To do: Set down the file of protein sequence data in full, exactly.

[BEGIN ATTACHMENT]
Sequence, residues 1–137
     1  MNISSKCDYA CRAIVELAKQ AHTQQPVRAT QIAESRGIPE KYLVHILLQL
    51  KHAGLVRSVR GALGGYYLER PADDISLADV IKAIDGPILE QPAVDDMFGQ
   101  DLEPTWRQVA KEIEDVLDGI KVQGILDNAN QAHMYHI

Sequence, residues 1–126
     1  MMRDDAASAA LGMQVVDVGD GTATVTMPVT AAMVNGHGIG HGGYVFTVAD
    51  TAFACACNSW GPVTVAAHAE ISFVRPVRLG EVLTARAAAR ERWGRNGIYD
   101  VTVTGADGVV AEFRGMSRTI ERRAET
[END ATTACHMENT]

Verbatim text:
Sequence, residues 1–137
     1  MNISSKCDYA CRAIVELAKQ AHTQQPVRAT QIAESRGIPE KYLVHILLQL
    51  KHAGLVRSVR GALGGYYLER PADDISLADV IKAIDGPILE QPAVDDMFGQ
   101  DLEPTWRQVA KEIEDVLDGI KVQGILDNAN QAHMYHI

Sequence, residues 1–126
     1  MMRDDAASAA LGMQVVDVGD GTATVTMPVT AAMVNGHGIG HGGYVFTVAD
    51  TAFACACNSW GPVTVAAHAE ISFVRPVRLG EVLTARAAAR ERWGRNGIYD
   101  VTVTGADGVV AEFRGMSRTI ERRAET